Into this environment, our three travelers arrive. At the train station , they are acosted by literally dozens of people offering to let them stay at their houses for "Very Cheap Prices!".
No - these travelers have wisened up a liitle by this point and know where they are going - to a hostel on the outskirts of Prague where at this time of theyear they should have no problems getting a room without a reservation.
They decided that traveling by rail or bus in a strange city, which only a few years ago had been the setting for some particularly bloody spy novels, was not the best of ideas - you see, they really were learning. Instead, they settled upon one of the local cabs that jam the streets around the station when the trains from Germany arrive.
Settling themselves comfortably into the cab, they gave the driver the directions - Stuebarnhoff. Away they went, under a cloudy sky to what they imagined would be a short, event free trip to the hostel.
They realized that there was something wrong when they crossed the same bridge three times. The driver, who of course spoke almost no English, seemed to be assuring them that there were "many bridges, many rivers in Prague", so they left the driving to him.
The travelers had of course changed their last remaining Marks at the train station in Munich for Czech "crowns", even though it was at a horrendous rate, and they assumed that this would cover the cost of a cab ride. After all, if the average doctor makes only a few thousand dollars a year, how much could a taxi driver charge them. The answer to that question was a long time in coming since the drive lasted almost an hour and fifteen minutes.
The final price, a straggering $55 (American, not Canadian) which was far more that they had in local currency. It was now time to dig into their emergency stash of hard currency - good old American Greenbacks. The driver was more than happy to take the American money but assured them that they would have to pay $60 because he would have to exchange the money at a very bad rate because of the local laws. Happy just to be at their hostel, the fare was paid and they stepped out of the cab in a light drizzle and mounted the stairs to the secong story entrance to the hostel.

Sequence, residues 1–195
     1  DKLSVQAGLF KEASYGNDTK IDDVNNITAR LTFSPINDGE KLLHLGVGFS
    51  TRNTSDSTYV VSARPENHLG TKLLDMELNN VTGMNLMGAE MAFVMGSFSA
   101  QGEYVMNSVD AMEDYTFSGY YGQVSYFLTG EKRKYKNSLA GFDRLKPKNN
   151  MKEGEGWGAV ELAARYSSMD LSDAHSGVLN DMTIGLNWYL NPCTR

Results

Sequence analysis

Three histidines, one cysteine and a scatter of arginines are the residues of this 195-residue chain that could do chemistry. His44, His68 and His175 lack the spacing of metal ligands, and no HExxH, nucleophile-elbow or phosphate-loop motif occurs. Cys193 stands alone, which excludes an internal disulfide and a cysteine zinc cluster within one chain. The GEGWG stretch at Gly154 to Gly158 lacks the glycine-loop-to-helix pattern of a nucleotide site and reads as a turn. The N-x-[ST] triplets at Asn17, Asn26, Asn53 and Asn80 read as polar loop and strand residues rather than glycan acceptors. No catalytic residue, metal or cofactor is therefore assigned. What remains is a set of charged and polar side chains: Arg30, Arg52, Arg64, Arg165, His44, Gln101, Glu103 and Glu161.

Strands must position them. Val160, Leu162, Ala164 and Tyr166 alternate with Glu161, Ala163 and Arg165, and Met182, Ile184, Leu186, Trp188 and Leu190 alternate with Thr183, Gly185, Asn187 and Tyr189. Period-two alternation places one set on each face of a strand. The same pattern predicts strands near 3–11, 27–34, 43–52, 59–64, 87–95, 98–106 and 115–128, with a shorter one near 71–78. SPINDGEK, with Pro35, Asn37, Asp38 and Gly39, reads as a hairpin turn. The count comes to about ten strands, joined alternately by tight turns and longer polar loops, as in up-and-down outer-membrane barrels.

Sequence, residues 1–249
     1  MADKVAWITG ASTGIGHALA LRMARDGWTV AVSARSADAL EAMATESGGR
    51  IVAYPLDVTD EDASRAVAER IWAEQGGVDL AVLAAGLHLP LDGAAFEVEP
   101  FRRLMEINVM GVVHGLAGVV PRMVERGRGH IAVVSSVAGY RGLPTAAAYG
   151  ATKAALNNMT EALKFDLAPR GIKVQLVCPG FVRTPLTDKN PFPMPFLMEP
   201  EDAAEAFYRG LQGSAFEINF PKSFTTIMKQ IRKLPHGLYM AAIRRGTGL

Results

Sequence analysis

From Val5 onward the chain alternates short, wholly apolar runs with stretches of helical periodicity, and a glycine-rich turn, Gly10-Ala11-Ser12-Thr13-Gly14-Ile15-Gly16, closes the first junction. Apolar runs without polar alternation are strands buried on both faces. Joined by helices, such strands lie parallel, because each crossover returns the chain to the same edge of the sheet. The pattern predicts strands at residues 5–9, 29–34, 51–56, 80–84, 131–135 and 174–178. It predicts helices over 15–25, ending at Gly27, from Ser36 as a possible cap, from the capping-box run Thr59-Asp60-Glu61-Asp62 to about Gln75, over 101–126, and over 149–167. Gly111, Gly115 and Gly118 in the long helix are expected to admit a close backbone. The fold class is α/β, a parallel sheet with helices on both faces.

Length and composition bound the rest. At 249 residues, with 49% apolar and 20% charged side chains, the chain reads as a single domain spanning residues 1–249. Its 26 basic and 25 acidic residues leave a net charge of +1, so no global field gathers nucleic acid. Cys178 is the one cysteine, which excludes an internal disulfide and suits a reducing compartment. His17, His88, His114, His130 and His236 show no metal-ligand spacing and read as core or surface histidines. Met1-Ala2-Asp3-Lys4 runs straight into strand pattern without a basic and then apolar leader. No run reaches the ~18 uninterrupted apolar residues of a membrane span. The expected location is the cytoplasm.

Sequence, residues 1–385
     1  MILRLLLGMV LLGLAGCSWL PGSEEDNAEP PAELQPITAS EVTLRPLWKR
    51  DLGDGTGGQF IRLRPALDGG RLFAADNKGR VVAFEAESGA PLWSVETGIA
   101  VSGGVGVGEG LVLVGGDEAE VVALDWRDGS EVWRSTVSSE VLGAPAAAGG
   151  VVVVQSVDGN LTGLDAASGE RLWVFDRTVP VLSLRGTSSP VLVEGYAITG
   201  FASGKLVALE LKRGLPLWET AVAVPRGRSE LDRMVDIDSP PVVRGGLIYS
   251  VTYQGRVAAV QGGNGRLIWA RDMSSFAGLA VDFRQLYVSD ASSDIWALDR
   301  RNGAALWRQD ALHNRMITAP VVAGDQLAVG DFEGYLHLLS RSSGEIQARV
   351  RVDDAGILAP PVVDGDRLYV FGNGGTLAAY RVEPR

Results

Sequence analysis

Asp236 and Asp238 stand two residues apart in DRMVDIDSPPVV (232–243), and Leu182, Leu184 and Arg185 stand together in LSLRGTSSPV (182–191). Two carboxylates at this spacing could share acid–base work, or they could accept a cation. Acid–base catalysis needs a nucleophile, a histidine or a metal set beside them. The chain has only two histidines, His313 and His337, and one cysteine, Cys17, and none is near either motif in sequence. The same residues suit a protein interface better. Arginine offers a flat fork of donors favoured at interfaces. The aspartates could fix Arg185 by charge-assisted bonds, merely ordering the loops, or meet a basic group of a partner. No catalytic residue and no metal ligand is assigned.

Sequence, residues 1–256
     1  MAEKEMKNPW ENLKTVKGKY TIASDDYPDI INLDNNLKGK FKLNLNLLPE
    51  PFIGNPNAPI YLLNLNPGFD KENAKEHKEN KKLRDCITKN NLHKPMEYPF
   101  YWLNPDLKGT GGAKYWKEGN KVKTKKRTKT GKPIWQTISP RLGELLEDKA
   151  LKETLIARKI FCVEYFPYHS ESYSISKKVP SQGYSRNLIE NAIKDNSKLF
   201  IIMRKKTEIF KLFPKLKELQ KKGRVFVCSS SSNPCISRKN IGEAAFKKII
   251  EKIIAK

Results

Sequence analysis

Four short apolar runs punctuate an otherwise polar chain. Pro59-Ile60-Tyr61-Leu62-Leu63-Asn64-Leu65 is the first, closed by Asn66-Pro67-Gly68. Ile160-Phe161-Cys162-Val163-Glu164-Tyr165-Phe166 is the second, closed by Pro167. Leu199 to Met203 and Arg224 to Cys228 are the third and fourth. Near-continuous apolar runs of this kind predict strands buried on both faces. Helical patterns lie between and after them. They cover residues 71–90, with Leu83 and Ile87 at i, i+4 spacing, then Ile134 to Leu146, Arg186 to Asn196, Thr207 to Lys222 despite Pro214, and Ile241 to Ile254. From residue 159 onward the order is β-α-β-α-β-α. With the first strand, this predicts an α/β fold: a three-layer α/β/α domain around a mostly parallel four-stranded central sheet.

This was when I met these three lost souls. I bought them all a beer and they took turns telling the assembled crowd of travelers at the hostel their story. After telling us about the recent cab ride, there were more than a few snickers and subdued laughter. The former from those who took the 25 minute bus ride to the hostel for the equivalent of about fifty cents each, the latter from those of us who had endured similarly elongated rides from the local taxis.
I remember them talking about my going to Greece and climbing Mt. Olympus. It seemed to impress them and at one poinf they swore that it would be their next destination. In retrospect I wonder how I could have been so stupid. The last thing this three needed was to go climb a mountain.
I left Prague a day or two later. During their time at this hostel, our friends seemed reluctant to leave the safety of their newly discovered Haven, where beer really was only twenty-five cents, the television was on 24 hours a day to American stations, laundry was washed and folded by the hosts for about $1.50 and everyone was a backpacker. As a matter of fact, I never did see them leave, even with one of the huge groups that invariably formed after breakfast of rolls and juice. For all I know, they might have remained at that hostel for the remainder of their time in Europe. It certainly seemed safer and they could always live vicariously thorugh the other travelers that would come and go every day. At least I never heard of any Canadians falling to their deaths from Mt. Olympus. I can only hope that they made it home to Canada safely. In any event, their story is now told and in the grand sccheme of things, that may make up for their suffering.
There are some things which cannot be learned quickly, and time,
which is all we have, must be paid heavily for their acquiring. They
are the very simplest things, and because it takes a man's life to
know them the little new that each man gets from life is very costly
and the only heritage he has to leave.
-- Ernest Hemingway